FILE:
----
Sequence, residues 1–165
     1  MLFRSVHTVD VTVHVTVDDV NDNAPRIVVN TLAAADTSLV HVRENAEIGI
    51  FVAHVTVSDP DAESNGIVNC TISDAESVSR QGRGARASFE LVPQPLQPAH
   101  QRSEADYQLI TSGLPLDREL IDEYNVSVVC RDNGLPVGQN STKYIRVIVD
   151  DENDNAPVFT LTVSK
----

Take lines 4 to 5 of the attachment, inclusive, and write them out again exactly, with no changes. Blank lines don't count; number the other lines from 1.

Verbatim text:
   101  QRSEADYQLI TSGLPLDREL IDEYNVSVVC RDNGLPVGQN STKYIRVIVD
   151  DENDNAPVFT LTVSK